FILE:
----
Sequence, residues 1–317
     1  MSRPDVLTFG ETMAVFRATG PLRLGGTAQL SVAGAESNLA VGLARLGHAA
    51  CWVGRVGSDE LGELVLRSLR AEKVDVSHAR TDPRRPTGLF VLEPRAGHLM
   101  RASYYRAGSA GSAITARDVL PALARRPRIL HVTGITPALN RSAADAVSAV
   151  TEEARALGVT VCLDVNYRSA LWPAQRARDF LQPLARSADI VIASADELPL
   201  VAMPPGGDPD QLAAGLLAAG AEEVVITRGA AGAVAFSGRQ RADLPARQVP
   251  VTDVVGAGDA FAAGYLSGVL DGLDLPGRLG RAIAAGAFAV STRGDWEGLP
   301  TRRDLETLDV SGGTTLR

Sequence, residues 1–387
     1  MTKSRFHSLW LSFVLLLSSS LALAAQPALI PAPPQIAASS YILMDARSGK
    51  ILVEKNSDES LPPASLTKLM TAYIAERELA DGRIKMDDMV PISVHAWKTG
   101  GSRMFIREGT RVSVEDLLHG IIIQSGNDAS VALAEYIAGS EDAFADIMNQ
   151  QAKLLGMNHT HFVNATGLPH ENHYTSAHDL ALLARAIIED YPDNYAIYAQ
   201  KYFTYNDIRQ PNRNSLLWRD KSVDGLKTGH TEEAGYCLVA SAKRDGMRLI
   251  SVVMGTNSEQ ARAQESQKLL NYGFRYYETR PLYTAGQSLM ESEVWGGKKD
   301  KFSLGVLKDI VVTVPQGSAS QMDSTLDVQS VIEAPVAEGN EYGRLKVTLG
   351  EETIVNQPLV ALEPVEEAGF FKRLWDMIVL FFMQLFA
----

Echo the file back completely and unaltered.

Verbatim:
Sequence, residues 1–317
     1  MSRPDVLTFG ETMAVFRATG PLRLGGTAQL SVAGAESNLA VGLARLGHAA
    51  CWVGRVGSDE LGELVLRSLR AEKVDVSHAR TDPRRPTGLF VLEPRAGHLM
   101  RASYYRAGSA GSAITARDVL PALARRPRIL HVTGITPALN RSAADAVSAV
   151  TEEARALGVT VCLDVNYRSA LWPAQRARDF LQPLARSADI VIASADELPL
   201  VAMPPGGDPD QLAAGLLAAG AEEVVITRGA AGAVAFSGRQ RADLPARQVP
   251  VTDVVGAGDA FAAGYLSGVL DGLDLPGRLG RAIAAGAFAV STRGDWEGLP
   301  TRRDLETLDV SGGTTLR

Sequence, residues 1–387
     1  MTKSRFHSLW LSFVLLLSSS LALAAQPALI PAPPQIAASS YILMDARSGK
    51  ILVEKNSDES LPPASLTKLM TAYIAERELA DGRIKMDDMV PISVHAWKTG
   101  GSRMFIREGT RVSVEDLLHG IIIQSGNDAS VALAEYIAGS EDAFADIMNQ
   151  QAKLLGMNHT HFVNATGLPH ENHYTSAHDL ALLARAIIED YPDNYAIYAQ
   201  KYFTYNDIRQ PNRNSLLWRD KSVDGLKTGH TEEAGYCLVA SAKRDGMRLI
   251  SVVMGTNSEQ ARAQESQKLL NYGFRYYETR PLYTAGQSLM ESEVWGGKKD
   301  KFSLGVLKDI VVTVPQGSAS QMDSTLDVQS VIEAPVAEGN EYGRLKVTLG
   351  EETIVNQPLV ALEPVEEAGF FKRLWDMIVL FFMQLFA